Safe on the Road – Horse Safety


In March of this year, a campaign was launched by the British Horse Society (BHS) that has been looking to highlight the importance of slowing down for horses on the road. In a report that delivered some quite astounding statistics, the BHS found that since the launch of their ‘Horse Accidents’ website (http://www.bhs.org.uk/safety-and-accidents/report-an-incident) in 2010, there have been over 2,000 reports of road incidents involving horses, with deaths occurring 36 times for riders and 181 for the horses.

We can all agree that these are shocking figures, especially when you look deeper at the cause of death. Feedback from riders and witnesses of accident showed that an incredible 74% of accidents were down to road users refusing to give the horse enough space when passing. ¼ of those involved also gave evidence that they were faced with road rage from drivers, and that this was a major cause of the incident.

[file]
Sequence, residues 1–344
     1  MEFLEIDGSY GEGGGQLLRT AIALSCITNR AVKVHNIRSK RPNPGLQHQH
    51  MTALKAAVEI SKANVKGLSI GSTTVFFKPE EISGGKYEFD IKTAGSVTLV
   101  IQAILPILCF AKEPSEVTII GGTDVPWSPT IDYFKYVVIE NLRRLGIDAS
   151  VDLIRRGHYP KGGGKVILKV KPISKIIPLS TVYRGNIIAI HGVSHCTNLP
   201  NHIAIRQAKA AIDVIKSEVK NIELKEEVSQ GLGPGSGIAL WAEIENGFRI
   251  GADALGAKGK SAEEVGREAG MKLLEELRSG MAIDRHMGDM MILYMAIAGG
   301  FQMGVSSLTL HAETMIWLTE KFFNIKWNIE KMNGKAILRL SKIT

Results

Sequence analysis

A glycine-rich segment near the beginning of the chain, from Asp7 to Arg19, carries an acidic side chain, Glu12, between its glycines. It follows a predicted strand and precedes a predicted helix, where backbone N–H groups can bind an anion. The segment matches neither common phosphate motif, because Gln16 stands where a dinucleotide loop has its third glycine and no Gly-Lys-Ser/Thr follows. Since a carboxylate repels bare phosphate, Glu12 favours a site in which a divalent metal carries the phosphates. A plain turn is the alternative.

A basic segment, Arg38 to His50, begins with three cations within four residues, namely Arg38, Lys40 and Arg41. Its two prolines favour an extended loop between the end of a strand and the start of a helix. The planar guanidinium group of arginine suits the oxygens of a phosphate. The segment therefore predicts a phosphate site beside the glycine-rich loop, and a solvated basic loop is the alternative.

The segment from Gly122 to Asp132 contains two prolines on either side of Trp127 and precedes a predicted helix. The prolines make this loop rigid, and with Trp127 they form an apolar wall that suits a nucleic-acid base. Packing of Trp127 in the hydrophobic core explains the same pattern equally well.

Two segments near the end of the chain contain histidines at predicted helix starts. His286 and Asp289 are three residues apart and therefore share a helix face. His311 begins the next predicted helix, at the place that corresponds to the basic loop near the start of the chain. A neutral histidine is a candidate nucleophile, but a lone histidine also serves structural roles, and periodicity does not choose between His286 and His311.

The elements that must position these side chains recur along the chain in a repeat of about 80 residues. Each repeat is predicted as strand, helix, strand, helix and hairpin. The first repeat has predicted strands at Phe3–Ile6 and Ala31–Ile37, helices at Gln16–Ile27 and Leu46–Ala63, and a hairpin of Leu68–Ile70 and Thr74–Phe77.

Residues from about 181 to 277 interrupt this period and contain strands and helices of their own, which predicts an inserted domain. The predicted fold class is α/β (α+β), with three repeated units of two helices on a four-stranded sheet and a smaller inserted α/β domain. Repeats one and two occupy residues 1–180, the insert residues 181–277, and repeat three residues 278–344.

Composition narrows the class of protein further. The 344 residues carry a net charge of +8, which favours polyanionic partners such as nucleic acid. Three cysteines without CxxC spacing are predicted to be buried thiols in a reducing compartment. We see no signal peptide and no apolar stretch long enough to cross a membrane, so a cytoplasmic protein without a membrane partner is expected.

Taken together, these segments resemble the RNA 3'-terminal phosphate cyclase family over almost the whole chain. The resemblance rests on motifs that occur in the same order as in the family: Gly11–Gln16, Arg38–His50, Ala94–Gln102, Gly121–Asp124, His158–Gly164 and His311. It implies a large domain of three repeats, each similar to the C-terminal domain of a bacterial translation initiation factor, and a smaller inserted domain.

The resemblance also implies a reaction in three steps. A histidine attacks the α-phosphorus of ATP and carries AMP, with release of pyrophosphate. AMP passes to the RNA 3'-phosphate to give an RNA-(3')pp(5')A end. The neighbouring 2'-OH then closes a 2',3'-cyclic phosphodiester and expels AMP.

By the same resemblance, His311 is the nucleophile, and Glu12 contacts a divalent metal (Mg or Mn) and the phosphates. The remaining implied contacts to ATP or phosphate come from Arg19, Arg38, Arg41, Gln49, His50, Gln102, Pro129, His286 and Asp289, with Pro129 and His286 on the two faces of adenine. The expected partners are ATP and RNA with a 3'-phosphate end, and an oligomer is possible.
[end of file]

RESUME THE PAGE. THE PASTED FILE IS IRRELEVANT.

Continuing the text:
Essex especially has a major problem, with the highest number of accident reports coming from our county. The majority of the 155 reported incidents here in Essex came on minor roads in rural areas. More than half of the horses involved were experienced in riding on roads more than once a week too, putting the blame squarely on the drivers and their refusal to slow down and allow space.

The amount of death involved in this study, both of riders and horses, is completely unacceptable, especially when you consider how simple they could have been to avoid. The BHS is asking drivers to consider the following measures when approaching a horse and rider:

  1. Slow down to a maximum speed of 15mph, regardless of the road
  2. Only when it is safe to do so, pass the horse wide and slowly. You must be at least a small car’s width away from the horse
  3. Drive slowly away from the horse until suitably out of range.

If you are still unsure how exactly to put these measures into practise, then click here to watch a safety video from the BHS.

Horse safety should be always be on a drivers mind. Ultimately, the decision is a simple one:

Dead? Or dead slow? Your choice..